Beautiful Joe eBook

This eBook from the Gutenberg Project consists of approximately 329 pages of information about Beautiful Joe.

One day Mr. Robinson came in to see him, and he said, “You have made a fine-looking dog of him, but his appearance is ruined by the length of his tail.”

“Mr. Robinson,” said Mrs. Morris, patting little Billy, who lay on her lap, “don’t you think that this little dog has a beautifully proportioned body?”

“Yes, I do,” said the gentleman.  “His points are all correct, save that one.”

“But,” she said, “if our Creator made that beautiful little body, don’t you think he is wise enough to know what length of tail would be in proportion to it?”

Mr. Robinson would not answer her.  He only laughed and said that he thought she and Miss Laura were both “cranks.”

* * * * *



The Morris boys were all different.  Jack was bright and clever, Ned was a wag, Willie was a book-worm, and Carl was a born trader.

He was always exchanging toys and books with his schoolmates, and they never got the better of him in a bargain.  He said that when he grew up he was going to be a merchant, and he had already begun to carry on a trade in canaries and goldfish.  He was very fond of what he called “his yellow pets,” yet he never kept a pair of birds or a goldfish, if he had a good offer for them.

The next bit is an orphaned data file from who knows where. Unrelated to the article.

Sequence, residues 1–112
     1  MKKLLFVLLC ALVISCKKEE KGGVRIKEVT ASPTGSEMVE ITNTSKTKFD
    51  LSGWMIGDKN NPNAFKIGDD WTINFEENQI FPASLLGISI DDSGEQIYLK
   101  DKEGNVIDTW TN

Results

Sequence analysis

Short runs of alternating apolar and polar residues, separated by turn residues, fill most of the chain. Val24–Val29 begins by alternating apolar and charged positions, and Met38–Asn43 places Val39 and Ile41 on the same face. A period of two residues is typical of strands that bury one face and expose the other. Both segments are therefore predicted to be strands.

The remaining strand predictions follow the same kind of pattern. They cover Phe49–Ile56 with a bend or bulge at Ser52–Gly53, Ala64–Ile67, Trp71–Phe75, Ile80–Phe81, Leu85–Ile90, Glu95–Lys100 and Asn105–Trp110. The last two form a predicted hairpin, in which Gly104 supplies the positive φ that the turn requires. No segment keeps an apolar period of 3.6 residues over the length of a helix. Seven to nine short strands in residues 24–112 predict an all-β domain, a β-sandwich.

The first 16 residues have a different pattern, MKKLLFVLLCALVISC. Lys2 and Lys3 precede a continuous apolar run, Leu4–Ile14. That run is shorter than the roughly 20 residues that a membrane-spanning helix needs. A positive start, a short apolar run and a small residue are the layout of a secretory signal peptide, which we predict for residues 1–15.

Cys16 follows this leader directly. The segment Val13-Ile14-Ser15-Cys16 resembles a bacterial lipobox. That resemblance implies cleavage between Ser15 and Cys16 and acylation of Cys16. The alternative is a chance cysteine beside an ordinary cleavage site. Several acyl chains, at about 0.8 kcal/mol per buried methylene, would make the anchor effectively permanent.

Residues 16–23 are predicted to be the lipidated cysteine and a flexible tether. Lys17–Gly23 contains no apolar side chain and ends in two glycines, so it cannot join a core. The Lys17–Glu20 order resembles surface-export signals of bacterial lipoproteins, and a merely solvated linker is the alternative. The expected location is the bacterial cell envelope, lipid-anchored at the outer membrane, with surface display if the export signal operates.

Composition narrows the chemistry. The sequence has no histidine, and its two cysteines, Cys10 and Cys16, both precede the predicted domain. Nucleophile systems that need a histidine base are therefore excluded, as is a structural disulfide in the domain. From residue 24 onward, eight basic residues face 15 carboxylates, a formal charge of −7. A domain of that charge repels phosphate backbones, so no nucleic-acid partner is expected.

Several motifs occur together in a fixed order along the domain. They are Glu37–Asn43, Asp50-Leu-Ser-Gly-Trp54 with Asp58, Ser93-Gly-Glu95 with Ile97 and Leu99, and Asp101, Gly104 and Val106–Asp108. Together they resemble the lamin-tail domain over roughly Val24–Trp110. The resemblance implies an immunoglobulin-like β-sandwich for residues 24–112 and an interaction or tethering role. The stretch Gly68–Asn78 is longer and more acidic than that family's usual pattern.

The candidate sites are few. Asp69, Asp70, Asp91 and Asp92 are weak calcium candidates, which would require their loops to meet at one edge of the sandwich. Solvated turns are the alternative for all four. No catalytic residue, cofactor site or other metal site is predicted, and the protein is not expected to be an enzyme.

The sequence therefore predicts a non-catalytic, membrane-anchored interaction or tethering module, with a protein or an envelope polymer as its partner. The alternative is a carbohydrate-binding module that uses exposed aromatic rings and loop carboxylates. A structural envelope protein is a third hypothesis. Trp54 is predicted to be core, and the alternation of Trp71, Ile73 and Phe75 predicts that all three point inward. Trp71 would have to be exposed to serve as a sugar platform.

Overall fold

He slept alone in a large, sunny room at the top of the house.  By his own request, it was barely furnished, and there he raised his canaries and kept his goldfish.

He was not fond of having visitors coming to his room, because, he said, they frightened the canaries.  After Mrs. Morris made his bed in the morning, the door was closed, and no one was supposed to go in till he came from school.  Once Billy and I followed him upstairs without his knowing it, but as soon as he saw us he sent us down in a great hurry.

One day Bella walked into his room to inspect the canaries.  She was quite a spoiled bird by this time, and I heard Carl telling the family afterward that it was as good as a play to see Miss Bella strutting in with her breast stuck out, and her little, conceited air, and hear her say, shrilly, “Good morning, birds, good morning!  How do you do, Carl?  Glad to see you, boy.”

“Well, I’m not glad to see you,” he said, decidedly, “and don’t you ever come up here again.  You’d frighten my canaries to death.”  And he sent her flying downstairs.

How cross she was!  She came shrieking to Miss Laura.  “Bella loves birds.  Bella wouldn’t hurt birds.  Carl’s a bad boy.”

Miss Laura petted and soothed her, telling her to go find Davy, and he would play with her.  Bella and the rat were great friends.  It was very funny to see them going about the house together.  From the very first she had liked him, and coaxed him into her cage, where he soon became quite at home,—­so much so that he always slept there.  About nine o’clock every evening, if he was not with her, she went all over the house, crying:  “Davy!  Davy! time to go to bed.  Come sleep in Bella’s cage.”

Project Gutenberg
Beautiful Joe from Project Gutenberg. Public domain.
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